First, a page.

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Monday, July 30, 2012

2012 Olympics: Nastia Liukin Should Have Copied Shawn Johnson's Graceful Exit

Nastia Liukin and
Shawn Johnson have
always been a contrast
in style. Elegance versus
power. Cool restraint
versus twinkle-eyed
pep. Russian roots
versus Heartland
purity. Liukin's way proved
superior in 2008,
yielding the then-18-
year-old an Olympic
all-around title and a
place among the greatest American
gymnasts ever. Four years later, it's
Johnson who has
made out like a
winner. She knew when to
walk away from a
sport that had passed
her by. Liukin didn't,
and it cost her. Last month Shawn
Johnson retired from competitive
gymnastics, ending her attempted comeback
from ACL surgery. This weekend at U.S.
Trials, she embraced
her new role as an
ambassador of the
sport: schmoozing
with reporters, hyping her former training
buddies from Chow's
gym and serving as a
go-to for star-hungry
cameras. Her presence
was undeniable—even in street clothes. A tier below on the
arena floor stood
Liukin—somber,
defiant and so plainly
an outsider among the
gaggle of teen upstarts in her midst. That tableau of past
and present grew
clearer every time
Liukin performed. Day
1 was a struggle
throughout. Liukin, by her own admission, "ran out of steam"
during a ragged
uneven bars routine
and wasn't much
better on beam. Day 2 brought the
exclamation point, a sobering face-plant on uneven bars that drew
gasps from the San
Jose crowd. Liukin finished her set
and the crowd rallied
to her aid, but there
was no erasing the fall.
Among famous final
athletic impressions, it belongs to the same
category of woe
as Brett Favre (bound to the icy turf of a
college stadium) and
Willie Mays (bound to
the fading Mets). And considering the
zeitgeist's appetite for
five-second "fails," you
can bet Liukin's
parting shot will
receive ample replay on America's digital
back-channels. Fair or not, some
people will remember
Liukin by her eight-
foot fall from
grace. Not most, but
some. Now, all this is
hindsight. Liukin could
have transcended age
and expectation √° la
Dara Torres in 2008. If
she had, we'd all be dreaming up new
adjectives to extol her
grit, her resilience, her
greatness. But all the tea leaves
from Visa Nationals—
the last major event
before Trials and a
veritable exposé of
Liukin's fading skills— said something like
this was coming.
Maybe not with
such horrific emphasis,
but, then again, not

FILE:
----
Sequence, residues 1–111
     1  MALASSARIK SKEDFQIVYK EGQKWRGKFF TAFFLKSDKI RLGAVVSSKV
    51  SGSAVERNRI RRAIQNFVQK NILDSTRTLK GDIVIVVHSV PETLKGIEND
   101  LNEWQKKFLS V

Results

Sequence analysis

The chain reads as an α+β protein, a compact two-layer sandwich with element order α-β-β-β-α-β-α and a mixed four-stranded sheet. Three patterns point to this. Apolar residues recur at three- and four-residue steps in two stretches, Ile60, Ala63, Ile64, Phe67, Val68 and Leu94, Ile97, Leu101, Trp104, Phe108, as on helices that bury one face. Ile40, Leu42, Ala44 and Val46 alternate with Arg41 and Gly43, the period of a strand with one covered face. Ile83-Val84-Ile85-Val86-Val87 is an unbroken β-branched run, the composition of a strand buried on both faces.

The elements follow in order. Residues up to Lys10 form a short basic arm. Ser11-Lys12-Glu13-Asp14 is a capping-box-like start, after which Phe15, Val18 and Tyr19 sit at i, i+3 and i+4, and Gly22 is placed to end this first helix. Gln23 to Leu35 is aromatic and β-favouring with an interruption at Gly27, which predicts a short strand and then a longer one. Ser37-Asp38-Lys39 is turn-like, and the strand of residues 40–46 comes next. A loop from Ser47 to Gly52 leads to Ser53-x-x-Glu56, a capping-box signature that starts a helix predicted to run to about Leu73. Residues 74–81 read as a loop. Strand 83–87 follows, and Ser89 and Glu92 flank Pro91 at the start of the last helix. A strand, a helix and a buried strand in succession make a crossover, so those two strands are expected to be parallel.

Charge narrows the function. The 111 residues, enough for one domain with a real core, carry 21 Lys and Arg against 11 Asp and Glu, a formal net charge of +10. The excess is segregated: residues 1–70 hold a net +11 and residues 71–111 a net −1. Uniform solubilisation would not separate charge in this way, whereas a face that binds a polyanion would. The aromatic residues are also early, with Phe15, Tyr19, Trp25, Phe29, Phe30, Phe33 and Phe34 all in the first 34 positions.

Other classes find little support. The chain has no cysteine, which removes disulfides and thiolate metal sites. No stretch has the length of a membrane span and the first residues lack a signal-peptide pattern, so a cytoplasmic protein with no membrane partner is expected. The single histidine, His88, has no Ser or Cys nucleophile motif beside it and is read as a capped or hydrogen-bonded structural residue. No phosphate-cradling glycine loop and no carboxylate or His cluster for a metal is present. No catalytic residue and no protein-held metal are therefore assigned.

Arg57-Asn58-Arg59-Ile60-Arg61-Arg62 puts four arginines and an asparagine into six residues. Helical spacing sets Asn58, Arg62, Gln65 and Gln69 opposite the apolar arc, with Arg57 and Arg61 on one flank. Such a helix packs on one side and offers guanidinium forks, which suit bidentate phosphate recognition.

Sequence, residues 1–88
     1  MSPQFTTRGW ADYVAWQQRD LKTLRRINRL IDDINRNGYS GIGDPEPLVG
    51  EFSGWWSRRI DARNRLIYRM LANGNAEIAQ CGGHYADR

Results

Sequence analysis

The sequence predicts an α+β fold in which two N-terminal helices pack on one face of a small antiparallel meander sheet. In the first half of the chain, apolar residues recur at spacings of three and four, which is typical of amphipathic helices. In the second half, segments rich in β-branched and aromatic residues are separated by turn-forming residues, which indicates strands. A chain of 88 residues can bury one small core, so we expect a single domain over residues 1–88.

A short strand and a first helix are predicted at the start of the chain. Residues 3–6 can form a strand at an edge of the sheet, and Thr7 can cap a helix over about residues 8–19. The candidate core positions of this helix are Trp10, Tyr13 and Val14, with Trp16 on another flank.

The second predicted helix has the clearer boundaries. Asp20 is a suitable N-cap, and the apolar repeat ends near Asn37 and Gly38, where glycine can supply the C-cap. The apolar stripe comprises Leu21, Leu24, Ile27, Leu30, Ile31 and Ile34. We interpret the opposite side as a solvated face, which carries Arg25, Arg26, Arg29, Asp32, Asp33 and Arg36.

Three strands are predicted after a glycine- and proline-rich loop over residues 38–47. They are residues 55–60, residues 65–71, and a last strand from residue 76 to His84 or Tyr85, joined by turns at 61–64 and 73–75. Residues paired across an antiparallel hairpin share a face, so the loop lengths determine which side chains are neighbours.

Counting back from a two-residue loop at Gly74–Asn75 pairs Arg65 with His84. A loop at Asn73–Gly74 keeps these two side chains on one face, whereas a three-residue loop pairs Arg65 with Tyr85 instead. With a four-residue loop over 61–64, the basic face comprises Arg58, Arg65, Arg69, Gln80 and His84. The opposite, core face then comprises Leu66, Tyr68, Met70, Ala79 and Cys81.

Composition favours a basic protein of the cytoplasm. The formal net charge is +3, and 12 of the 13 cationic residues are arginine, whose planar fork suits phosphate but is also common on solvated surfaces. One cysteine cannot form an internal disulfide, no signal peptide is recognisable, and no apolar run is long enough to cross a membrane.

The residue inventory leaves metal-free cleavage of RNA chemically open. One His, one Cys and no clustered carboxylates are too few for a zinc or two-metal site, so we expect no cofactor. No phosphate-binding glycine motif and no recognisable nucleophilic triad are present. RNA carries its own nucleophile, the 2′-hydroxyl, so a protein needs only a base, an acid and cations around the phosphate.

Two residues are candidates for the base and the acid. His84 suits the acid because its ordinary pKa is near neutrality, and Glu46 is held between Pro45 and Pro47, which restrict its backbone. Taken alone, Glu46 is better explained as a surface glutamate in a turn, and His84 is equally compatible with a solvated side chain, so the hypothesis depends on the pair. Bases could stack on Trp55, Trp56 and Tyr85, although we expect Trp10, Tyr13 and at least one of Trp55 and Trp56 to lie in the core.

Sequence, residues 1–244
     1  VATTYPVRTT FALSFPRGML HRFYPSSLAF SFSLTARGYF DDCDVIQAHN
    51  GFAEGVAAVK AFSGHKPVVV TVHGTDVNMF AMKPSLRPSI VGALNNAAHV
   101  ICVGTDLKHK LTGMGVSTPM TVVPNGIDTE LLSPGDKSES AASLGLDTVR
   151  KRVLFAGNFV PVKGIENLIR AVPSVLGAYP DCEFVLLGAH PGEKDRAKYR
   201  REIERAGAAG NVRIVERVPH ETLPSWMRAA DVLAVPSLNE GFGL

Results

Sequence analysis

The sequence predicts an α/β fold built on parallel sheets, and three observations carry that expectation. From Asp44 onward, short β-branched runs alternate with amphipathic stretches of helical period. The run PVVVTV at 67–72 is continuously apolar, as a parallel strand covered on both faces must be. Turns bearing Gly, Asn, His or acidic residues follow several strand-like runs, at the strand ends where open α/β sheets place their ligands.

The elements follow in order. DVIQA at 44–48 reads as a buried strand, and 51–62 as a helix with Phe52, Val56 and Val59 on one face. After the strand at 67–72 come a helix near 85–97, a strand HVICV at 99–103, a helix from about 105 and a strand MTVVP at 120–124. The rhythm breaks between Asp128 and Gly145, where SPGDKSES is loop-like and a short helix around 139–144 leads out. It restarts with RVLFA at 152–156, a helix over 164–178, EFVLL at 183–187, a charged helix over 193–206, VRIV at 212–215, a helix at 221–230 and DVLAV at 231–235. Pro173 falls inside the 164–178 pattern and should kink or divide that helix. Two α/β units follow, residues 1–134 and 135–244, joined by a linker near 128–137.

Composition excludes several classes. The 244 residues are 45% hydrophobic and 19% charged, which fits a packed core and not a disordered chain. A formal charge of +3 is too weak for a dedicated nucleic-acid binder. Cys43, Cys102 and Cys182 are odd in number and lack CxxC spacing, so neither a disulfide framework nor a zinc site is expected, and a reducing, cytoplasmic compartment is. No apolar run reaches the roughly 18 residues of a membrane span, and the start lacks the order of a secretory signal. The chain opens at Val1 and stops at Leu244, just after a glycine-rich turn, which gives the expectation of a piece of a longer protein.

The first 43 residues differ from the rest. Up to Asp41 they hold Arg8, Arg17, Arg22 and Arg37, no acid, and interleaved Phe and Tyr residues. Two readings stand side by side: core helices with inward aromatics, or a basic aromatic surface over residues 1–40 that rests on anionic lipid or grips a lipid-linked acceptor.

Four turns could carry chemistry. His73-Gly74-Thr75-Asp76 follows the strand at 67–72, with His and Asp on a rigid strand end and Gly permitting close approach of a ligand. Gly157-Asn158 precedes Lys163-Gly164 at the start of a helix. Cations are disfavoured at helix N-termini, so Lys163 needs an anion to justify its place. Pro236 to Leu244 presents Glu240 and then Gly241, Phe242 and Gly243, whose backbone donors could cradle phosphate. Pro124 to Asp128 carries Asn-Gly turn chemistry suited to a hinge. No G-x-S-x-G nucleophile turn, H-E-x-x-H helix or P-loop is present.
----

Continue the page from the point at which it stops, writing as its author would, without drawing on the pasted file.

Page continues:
even the Greeks could have scripted such
tragic poignancy. Many gymnastics fans
will say that the
brilliance of Liukin's
career should
outweigh the fallout of
her ill-conceived comeback attempt. And I agree. But that
doesn't mean the
world will. Brigid McCarthy
captures the recent
surge of sentiment
against Liukin in a piece posted earlier
today on The Couch Gymnast (a must-read
blog for fans of the
sport): Harry How/ Getty Images In the last week I
have been
confounded by all
the comments
that Nastia Liukin
is ‘washed up’ and ‘making a
fool of herself’.
She is what?
Twenty? Are you
people for
real? ‘How dare she keep training?’
these snarky
voices cry.
How dare she try
and train to make
an Olympic team after a period of
indecision about
whether she
wanted to be in
the sport? What
was she even thinking? As you might imagine,
McCarthy goes on to
defend Liukin's choice,
but she paints a pretty
ugly picture in the
process. Some people won't
forgive Liukin for her
failures. Others didn't
know her well enough
to remember anything
else. Liukin can take heart
in the fact that she
tried. And if the old
adage about trying
and failing holds true,
then maybe Liukin made the right choice. But it was hard not to
draw a straight line
back to her old
foil, Shawn Johnson—
seated in the same
arena, surrounded by adoring fans, bearing a
confident grin as she
turned toward the
second phase of her
life's journey. The contrast between
the two was as clear as
ever. One smiling—the other
despondent. One healing—the
other broken One looking forward
with clear mind—the
other looking back,
wondering what went
wrong.

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